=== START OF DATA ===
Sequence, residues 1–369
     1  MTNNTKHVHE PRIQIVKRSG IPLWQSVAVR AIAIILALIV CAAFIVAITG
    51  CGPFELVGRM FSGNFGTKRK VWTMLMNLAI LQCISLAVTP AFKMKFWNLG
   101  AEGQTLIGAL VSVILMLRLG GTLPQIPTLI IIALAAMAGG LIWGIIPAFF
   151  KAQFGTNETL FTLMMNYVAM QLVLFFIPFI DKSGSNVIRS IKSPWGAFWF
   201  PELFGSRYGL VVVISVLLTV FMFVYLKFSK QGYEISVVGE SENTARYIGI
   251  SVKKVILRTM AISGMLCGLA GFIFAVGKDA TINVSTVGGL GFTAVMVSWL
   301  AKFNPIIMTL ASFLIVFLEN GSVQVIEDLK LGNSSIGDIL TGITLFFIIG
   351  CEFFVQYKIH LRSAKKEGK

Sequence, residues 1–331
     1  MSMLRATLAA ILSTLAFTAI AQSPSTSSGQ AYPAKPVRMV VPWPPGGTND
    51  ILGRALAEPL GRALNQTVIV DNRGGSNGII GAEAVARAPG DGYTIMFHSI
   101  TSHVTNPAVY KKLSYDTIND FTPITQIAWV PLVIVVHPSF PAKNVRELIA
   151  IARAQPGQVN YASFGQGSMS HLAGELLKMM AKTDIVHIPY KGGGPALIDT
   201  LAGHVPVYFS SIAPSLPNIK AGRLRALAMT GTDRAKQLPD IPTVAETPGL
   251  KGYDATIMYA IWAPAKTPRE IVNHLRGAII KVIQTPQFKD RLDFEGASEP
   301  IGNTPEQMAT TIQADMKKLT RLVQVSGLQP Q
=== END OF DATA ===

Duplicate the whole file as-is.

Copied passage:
Sequence, residues 1–369
     1  MTNNTKHVHE PRIQIVKRSG IPLWQSVAVR AIAIILALIV CAAFIVAITG
    51  CGPFELVGRM FSGNFGTKRK VWTMLMNLAI LQCISLAVTP AFKMKFWNLG
   101  AEGQTLIGAL VSVILMLRLG GTLPQIPTLI IIALAAMAGG LIWGIIPAFF
   151  KAQFGTNETL FTLMMNYVAM QLVLFFIPFI DKSGSNVIRS IKSPWGAFWF
   201  PELFGSRYGL VVVISVLLTV FMFVYLKFSK QGYEISVVGE SENTARYIGI
   251  SVKKVILRTM AISGMLCGLA GFIFAVGKDA TINVSTVGGL GFTAVMVSWL
   301  AKFNPIIMTL ASFLIVFLEN GSVQVIEDLK LGNSSIGDIL TGITLFFIIG
   351  CEFFVQYKIH LRSAKKEGK

Sequence, residues 1–331
     1  MSMLRATLAA ILSTLAFTAI AQSPSTSSGQ AYPAKPVRMV VPWPPGGTND
    51  ILGRALAEPL GRALNQTVIV DNRGGSNGII GAEAVARAPG DGYTIMFHSI
   101  TSHVTNPAVY KKLSYDTIND FTPITQIAWV PLVIVVHPSF PAKNVRELIA
   151  IARAQPGQVN YASFGQGSMS HLAGELLKMM AKTDIVHIPY KGGGPALIDT
   201  LAGHVPVYFS SIAPSLPNIK AGRLRALAMT GTDRAKQLPD IPTVAETPGL
   251  KGYDATIMYA IWAPAKTPRE IVNHLRGAII KVIQTPQFKD RLDFEGASEP
   301  IGNTPEQMAT TIQADMKKLT RLVQVSGLQP Q